Every Monday night the Miami Television News team meets to discuss ideas, edit stories, film and aims to create high-quality content for the Oxford and Miami community.
It takes three weeks to produce a single show. The work of each week is centered around a particular goal: The first week, the team brainstorms story ideas, the second, they edit their work together and the third, they film, edit and broadcast the show on MUTV channel 15 — available to all television plugged into Miami’s cable network. They also upload their show to YouTube on the Miami Television News channel.
The goal of MTN is to provide students with practical experience in the broadcast journalism
Industry, said co-president Mackenzie Rossero.
“I think MTN definitely mimics all the aspects of actually working in the broadcast industry professionally” said co-president Mackenzie Rossero. “We have an amazing studio and very high level equipment that has facilitated the kind of things you would see in the real world.”
MTN’s broadcast covers student organizations, sporting events and student-organized events such as the recent March for Our Lives. They also report on broader-scale news stories such as the opioid epidemic. They look to provide content for the Oxford community in general, not just Miami’s campus.
As an organization open to everyone no matter their level of experience, one of the main challenges MTN faces is the varying skill levels between members.
Co-presidents Margot Austin and Mackenzie Rossero teach incoming students everything they need to know about their broadcast. Together, they teach new members the basics of a news package, how to determine what topics are newsworthy and the technical elements of broadcast such as operating a camera and editing their footage.
“I think Margot and I balance each other well,” said Rossero. “Our leadership styles complement each other and we’ve achieved more success as a team than we would have individually.”
Both Austin and Rossero have taken advanced-level broadcasting classes and are involved in multiple media organizations. Austin hosts a radio show titled “Mornings With Margot” for RedHawk radio. Rossero is co-president of Miami’s chapter of Society of Professional Journalists and writes for The Miami Student.
Austin, a junior broadcast journalism major, has been involved in MTN since the start of her sophomore year. Since becoming president she is now responsible for mentoring the other group members and making sure they produce a high-quality newscast. She also works as an anchor, a reporter and a producer of the show.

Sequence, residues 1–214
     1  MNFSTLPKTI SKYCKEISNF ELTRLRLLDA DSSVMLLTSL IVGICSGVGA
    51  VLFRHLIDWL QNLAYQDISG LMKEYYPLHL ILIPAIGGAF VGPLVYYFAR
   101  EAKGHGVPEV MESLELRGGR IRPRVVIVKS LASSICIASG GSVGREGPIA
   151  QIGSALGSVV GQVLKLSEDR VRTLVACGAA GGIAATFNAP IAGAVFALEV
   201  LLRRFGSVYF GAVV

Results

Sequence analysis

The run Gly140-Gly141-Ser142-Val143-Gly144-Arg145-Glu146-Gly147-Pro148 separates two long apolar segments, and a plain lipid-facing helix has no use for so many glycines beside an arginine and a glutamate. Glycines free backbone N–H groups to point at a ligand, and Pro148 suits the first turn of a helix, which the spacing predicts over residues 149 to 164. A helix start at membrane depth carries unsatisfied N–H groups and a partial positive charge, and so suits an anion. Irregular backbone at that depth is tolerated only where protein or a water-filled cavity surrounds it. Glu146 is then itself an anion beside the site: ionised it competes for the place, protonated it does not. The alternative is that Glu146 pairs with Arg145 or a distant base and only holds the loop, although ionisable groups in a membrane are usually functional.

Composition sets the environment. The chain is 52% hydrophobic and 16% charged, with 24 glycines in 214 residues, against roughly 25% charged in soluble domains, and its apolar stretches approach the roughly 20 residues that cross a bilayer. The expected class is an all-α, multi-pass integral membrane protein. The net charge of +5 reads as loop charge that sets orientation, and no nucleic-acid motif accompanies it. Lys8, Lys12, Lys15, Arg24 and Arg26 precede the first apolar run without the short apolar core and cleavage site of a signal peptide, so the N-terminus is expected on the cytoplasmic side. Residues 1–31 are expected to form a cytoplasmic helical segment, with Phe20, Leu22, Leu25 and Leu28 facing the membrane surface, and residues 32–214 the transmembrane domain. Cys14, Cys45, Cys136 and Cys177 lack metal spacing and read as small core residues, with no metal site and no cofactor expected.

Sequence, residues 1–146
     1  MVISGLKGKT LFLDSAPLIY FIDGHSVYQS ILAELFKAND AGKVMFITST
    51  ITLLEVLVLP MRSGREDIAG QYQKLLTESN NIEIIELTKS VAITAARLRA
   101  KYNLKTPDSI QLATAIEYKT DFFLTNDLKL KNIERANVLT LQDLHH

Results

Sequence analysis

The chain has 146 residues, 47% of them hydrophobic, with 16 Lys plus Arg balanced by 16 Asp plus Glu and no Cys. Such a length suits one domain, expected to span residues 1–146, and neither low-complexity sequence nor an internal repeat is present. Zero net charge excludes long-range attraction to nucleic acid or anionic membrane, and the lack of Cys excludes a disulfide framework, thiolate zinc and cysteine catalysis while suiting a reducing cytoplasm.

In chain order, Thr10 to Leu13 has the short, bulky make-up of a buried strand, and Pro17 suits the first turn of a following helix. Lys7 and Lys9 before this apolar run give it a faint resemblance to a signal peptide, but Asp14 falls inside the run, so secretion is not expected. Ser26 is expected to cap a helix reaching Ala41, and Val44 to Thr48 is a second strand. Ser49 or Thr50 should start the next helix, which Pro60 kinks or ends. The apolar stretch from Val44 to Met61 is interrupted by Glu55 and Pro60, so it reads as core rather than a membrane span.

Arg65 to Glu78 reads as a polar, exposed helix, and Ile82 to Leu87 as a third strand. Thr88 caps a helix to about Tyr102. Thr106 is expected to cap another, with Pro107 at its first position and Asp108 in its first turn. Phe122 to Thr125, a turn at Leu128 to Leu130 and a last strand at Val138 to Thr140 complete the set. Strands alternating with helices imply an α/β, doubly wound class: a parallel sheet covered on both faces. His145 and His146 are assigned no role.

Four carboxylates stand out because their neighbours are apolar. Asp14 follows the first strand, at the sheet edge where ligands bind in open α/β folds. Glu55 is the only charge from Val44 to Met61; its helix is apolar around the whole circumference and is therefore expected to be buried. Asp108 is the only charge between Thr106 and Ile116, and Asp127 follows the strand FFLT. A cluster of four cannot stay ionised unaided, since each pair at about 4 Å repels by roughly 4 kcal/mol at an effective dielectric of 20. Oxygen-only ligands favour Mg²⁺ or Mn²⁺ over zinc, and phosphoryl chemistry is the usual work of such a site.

The organization has more than doubled in membership since Austin began her time as president at the beginning of the school year. Although Austin said she is excited about the organization’s progress, she still admits that it hasn’t been an easy process, and Austin faces a large amount of responsibility in her role as president.
“Finding a balance between being strict about getting work done but at the same time being approachable is a challenge,” said Austin. “I try to find a balance between the two, so I am the most effective leader I can be.”
Despite the challenge, Austin has a strong passion for broadcast journalism that makes it all worth it.
“I love teaching others and I love broadcast journalism,” said Austin. “MTN combines two of my passions that I am enthusiastic about.”
Austin hopes to start her career as an on-air reporter until she eventually moves her way up to a job as an anchor or talk-show host.
Her counterpart Rossero, a junior journalism, creative writing and English literature triple major, has also been part of MTN since her sophomore year. She joined Austin as her co-president this past semester and has been working alongside her to continue improving the organization.
“Our main goal is to provide a structure for MTN to last after we leave,” said Rossero. “We’re trying to build a foundation for everyone.”
Along with Austin, Rossero has worked to reinvent MTN with the goal of ensuring it is a lasting, reputable organization. Rossero said MTN has improved dramatically since the start of her and Austin’s time as co-presidents.
“If you look at newscasts from the beginning of the semester to now it’s a lot better,” said Rossero. “There are a lot of areas we need to improve, but what we have improved so far is kind of amazing.”
Rossero has a long history as a writer, but is relatively new to the world of broadcast journalism. Discovering a new form of storytelling opened her eyes to what she now said is her ideal career.
“I’ve always loved having the ability to communicate my opinions and thoughts and being able to do that in this new medium was huge for me,” said Rossero. “It gave me a new medium to explore. It was the same thing but a different way to express myself.”
In the future Rossero hopes to work in the broadcast industry either on-air or as a producer.
“I’m just completely enthralled by production and how all of these elements work together to relay messages and to capture people’s lives and show it in a way that goes beyond words on a page,” said Rossero. “That’s super powerful and a huge selling point for broadcast and television in general.”